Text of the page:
Wilkins v. EllettAnnotate this Case
76 U.S. 740
U.S. Supreme Court
Wilkins v. Ellett, 76 U.S. 9 Wall. 740 740 (1869)
Wilkins v. Ellett
76 U.S. (9 Wall.) 740
A voluntary payment of a debt to a foreign administrator held good as against the claim of an administrator duly appointed at the domicile of the debtor, in which last place the debt was paid, there having been no creditors of the intestate in this last place, nor any persons there entitled as distributees.
Quarles, being domiciled in the State of Alabama, died there, and letters of administration were there taken out by
one Goodloe, of that state. Wilkins, a resident of Memphis, Tennessee, owed the estate $3,455, and being called upon at Memphis by Goodloe, the administrator, paid the debt and took a receipt. Goodloe duly accounted before the probate court in Alabama for the sum thus received. Afterwards, Ellett, a citizen of the State of Virginia, and who professed to be next of kin to the deceased, took out letters of administration in Tennessee and brought this suit against Wilkins to recover the same debt. There were no creditors or persons entitled as distributees of the intestate in the State of Tennessee. The court below, holding that the voluntary payment by Wilkins to the Alabama administrator was in his own wrong, gave judgment for the plaintiff. Wilkins, the debtor, now brought the case to this Court, the question of course being whether voluntary payment to the foreign administrator had discharged the home one.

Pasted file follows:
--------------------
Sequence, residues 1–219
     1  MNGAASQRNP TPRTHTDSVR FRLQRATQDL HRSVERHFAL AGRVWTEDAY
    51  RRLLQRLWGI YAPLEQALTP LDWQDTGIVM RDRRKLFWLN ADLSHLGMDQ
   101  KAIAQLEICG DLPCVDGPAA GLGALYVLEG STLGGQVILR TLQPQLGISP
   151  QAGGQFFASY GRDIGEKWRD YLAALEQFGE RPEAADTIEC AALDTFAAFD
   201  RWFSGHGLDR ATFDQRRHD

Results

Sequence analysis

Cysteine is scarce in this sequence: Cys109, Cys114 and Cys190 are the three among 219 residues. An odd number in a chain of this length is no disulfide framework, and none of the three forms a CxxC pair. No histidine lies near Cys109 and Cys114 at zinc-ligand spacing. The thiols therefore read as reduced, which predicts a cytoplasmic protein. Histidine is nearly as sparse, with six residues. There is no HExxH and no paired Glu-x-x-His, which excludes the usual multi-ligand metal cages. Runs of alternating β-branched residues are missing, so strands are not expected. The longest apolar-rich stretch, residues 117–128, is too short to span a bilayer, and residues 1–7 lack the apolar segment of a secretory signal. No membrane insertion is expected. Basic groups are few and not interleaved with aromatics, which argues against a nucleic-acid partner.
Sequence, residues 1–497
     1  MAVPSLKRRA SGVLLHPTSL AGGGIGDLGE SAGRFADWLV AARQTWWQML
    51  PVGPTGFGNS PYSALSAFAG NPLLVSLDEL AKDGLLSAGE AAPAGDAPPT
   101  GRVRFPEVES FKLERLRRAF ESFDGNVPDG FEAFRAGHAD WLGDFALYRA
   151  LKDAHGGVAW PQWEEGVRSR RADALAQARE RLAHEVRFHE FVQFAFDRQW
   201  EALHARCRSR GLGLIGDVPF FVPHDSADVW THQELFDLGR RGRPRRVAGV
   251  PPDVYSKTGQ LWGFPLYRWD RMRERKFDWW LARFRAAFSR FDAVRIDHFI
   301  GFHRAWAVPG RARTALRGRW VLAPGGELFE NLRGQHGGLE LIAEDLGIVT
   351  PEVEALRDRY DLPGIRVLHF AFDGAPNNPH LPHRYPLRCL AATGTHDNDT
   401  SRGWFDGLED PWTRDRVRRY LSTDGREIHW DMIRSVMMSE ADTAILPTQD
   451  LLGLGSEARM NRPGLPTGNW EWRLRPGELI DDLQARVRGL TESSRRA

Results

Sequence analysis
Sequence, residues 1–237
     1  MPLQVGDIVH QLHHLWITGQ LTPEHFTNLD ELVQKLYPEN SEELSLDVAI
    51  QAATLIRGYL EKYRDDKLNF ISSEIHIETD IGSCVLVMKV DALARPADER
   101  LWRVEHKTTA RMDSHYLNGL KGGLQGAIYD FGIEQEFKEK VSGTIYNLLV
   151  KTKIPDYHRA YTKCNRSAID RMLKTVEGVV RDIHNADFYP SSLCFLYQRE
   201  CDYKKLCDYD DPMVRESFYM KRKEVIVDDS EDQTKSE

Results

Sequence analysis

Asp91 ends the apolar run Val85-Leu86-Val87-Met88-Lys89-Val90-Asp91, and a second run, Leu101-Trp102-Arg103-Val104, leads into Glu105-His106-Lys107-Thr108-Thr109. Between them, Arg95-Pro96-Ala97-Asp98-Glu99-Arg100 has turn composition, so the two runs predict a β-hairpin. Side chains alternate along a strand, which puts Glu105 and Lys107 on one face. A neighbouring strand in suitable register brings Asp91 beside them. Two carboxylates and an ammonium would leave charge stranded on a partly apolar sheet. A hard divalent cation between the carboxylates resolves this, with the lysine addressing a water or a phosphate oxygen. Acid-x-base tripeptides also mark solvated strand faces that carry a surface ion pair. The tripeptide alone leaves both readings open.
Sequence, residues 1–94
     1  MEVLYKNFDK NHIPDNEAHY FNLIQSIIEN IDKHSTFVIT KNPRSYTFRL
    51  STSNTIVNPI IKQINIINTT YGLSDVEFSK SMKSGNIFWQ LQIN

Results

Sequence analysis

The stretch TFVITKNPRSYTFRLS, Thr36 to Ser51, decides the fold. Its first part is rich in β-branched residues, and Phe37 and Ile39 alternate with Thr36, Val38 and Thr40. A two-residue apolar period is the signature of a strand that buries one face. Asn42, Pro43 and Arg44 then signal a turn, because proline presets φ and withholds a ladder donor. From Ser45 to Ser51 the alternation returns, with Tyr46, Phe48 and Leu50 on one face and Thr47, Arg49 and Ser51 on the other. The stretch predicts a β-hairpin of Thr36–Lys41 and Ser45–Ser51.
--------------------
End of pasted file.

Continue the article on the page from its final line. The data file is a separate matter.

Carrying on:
Official Supreme Court case law is only found in the print version of the United States Reports. Justia case law is provided for general informational purposes only, and may not reflect current legal developments, verdicts or settlements. We make no warranties or guarantees about the accuracy, completeness, or adequacy of the information contained on this site or information linked to from this site. Please check official sources.